Here, I use Freecycle a lot, although it pays to be wary as many people who use it are just car-booters and things. I always enter into a conversation with the people who offer to take things off my hands to check they are using them for themselves or for a good cause, not just selling them on.

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  7. I guess better late than never with the amount of rubbish we have created over the years. Shops continue to burst at the seams with more and more stuff. Will it ever end, the mass producing of more and more stuff. Look at all the stuff in those two dollar shops. Have you been to Spotlight lately? All that fabric and other sundry items. Some stuff being produced is good, and then there is stuff that I wonder who buys it.

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  8. Thanks for the inspiration Selma – I have some old computers that I am not really using. Oh, and a 21 inch CRT that weighs a ton! I am looking at some local non profits to donate them too – once I have wiped off all my personal information. You are right – if someone who needs them can use them, then why am I hanging on to them! Your last comment reminds me of the intro to an ’80s tv show called Knight Rider “One man can make a difference”.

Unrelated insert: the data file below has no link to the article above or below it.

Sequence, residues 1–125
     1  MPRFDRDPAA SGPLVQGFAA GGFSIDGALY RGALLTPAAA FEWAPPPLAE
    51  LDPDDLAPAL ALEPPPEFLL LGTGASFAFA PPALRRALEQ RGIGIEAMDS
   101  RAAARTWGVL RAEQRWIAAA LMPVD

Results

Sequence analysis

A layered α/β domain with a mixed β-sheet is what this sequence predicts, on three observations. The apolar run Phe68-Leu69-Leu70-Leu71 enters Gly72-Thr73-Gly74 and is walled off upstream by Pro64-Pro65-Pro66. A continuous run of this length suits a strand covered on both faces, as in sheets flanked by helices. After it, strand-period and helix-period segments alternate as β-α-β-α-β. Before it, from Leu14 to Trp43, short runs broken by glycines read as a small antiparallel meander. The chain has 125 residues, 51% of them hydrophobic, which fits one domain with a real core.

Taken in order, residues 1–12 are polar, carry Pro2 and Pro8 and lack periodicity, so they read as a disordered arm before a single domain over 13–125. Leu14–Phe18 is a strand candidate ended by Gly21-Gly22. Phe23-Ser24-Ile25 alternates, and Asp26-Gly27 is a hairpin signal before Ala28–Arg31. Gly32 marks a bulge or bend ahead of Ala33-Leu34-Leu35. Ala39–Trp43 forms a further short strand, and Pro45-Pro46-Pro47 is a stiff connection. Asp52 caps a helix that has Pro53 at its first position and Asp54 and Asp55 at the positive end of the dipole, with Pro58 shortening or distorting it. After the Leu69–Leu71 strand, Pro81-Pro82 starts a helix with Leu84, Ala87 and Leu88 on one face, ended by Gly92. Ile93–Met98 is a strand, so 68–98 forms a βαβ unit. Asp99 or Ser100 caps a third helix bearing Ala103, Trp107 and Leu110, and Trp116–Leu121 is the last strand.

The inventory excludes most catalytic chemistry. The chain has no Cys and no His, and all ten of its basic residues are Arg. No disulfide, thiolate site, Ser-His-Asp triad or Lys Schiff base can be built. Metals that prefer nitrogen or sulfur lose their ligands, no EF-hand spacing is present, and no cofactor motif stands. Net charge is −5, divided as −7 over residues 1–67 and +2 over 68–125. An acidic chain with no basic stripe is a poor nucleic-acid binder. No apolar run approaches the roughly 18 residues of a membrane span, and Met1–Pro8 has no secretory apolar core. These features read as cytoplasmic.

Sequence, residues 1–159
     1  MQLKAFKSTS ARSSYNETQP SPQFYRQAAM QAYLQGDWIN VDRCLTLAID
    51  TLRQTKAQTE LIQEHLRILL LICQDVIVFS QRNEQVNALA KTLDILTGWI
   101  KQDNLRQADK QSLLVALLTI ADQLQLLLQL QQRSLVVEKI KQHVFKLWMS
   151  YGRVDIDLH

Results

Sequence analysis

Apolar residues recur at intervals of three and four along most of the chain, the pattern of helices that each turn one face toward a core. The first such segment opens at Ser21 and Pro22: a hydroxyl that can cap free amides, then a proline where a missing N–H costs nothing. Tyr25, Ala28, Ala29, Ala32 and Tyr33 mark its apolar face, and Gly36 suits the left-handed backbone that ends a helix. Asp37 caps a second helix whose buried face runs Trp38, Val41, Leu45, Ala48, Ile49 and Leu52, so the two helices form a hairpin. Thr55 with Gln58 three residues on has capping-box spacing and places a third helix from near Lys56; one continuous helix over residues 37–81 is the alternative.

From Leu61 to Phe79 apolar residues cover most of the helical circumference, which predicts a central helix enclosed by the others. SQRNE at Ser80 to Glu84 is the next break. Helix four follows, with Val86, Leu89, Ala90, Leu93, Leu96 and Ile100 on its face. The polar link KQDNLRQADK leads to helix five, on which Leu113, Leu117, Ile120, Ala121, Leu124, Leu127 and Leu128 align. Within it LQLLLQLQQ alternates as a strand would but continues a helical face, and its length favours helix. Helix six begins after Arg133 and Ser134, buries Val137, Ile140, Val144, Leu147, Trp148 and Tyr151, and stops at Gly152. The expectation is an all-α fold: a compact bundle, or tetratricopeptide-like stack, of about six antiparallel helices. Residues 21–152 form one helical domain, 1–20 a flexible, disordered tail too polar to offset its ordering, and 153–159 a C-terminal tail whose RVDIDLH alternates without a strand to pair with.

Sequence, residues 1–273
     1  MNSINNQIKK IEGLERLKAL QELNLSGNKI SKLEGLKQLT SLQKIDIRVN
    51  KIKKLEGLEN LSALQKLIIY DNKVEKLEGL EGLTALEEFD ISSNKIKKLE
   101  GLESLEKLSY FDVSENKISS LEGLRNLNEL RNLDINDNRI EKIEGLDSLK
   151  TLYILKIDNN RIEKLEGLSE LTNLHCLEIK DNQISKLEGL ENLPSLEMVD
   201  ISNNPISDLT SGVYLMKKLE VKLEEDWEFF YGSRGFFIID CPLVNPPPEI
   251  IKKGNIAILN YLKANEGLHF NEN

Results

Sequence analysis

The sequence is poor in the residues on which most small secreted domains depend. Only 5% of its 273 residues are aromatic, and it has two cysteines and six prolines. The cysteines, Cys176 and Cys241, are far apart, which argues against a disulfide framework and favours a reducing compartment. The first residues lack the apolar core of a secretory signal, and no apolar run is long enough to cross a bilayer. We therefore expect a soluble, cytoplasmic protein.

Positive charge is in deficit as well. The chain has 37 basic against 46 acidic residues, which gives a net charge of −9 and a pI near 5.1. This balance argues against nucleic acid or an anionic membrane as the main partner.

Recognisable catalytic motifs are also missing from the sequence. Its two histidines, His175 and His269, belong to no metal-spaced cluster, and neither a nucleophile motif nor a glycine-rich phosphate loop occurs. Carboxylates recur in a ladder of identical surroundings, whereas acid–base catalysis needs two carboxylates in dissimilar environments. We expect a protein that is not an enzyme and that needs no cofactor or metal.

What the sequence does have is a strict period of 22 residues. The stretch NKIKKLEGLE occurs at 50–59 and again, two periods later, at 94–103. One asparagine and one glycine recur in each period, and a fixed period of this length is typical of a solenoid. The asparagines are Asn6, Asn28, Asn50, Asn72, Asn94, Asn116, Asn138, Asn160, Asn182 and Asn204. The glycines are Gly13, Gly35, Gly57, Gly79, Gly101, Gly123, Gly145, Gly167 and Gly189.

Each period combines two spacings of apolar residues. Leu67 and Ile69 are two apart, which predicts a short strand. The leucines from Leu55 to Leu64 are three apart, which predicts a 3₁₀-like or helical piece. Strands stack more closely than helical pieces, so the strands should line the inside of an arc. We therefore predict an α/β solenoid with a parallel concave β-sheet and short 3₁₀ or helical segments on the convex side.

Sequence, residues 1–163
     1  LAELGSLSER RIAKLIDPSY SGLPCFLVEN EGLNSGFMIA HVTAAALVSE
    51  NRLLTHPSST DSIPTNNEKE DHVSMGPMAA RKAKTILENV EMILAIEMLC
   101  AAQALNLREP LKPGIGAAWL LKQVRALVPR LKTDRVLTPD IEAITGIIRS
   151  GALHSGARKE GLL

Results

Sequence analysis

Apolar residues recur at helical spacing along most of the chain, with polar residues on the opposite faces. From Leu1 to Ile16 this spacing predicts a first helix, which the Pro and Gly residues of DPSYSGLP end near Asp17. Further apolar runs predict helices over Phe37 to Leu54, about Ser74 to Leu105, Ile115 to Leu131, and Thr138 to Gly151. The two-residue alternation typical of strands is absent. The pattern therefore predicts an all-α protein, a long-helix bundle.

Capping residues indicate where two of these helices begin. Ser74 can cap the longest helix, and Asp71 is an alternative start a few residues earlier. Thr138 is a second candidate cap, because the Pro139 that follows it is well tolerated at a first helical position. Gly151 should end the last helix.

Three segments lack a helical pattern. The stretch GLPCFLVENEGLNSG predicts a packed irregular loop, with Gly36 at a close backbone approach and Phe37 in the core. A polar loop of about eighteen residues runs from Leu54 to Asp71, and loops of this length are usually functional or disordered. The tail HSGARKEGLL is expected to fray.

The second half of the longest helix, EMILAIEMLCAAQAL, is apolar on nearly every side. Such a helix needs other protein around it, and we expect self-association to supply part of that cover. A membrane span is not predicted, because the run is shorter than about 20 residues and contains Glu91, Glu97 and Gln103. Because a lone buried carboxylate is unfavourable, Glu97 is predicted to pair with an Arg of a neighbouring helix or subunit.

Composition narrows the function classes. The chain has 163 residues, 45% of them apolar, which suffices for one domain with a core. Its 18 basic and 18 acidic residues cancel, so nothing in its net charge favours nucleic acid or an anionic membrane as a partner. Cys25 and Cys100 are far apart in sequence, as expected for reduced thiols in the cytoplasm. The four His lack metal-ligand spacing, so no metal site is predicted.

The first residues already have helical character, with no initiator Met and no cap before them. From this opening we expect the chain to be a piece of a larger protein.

All joking aside though, you are right – people can make a difference, and I hope that your post inspires others to do so too.

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  9. Hi TRAVELRAT:
    That’s really great. I am all for old computers being broken down into component parts. My old PowerMac was a doorstop too – needed 2 people to lift it.

    I shall come and see your lovely bridge shortly.

    Hi ANTHONY:
    Slowly but surely we’re getting there. I remain hopeful.

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  10. Hi DAVID:
    That was shocking about the Salvo collection points, wasn’t it? I cannot fathom why anyone would do that. Outrageous.

    Hi RELUCS:
    Unis are usually very good about that kind of thing. I know many High Schools who do it. And sadly, the opportunists are part of the territory. They can’t resist a freebie.

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  11. Hi ROWE:
    Oh, yeah. Those two dollar shops should be banned. I reckon about 80% of the stuff bought from them gets thrown out in a month. It’s what I call landfill manufacturing. I try to avoid them at all costs.

    Hi MANOJ:
    In doing this the other day I became aware that there is a lot more hardship out there than I knew about. If I can help in some small way then I am glad.

    I remember the Knight Rider. Loved the car. And who doesn’t love The Hoff? 😀

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  12. Bravo I say! This sounds like a great organization. I’m convinced it is work like this that is changing the world – one old monitor at a time 🙂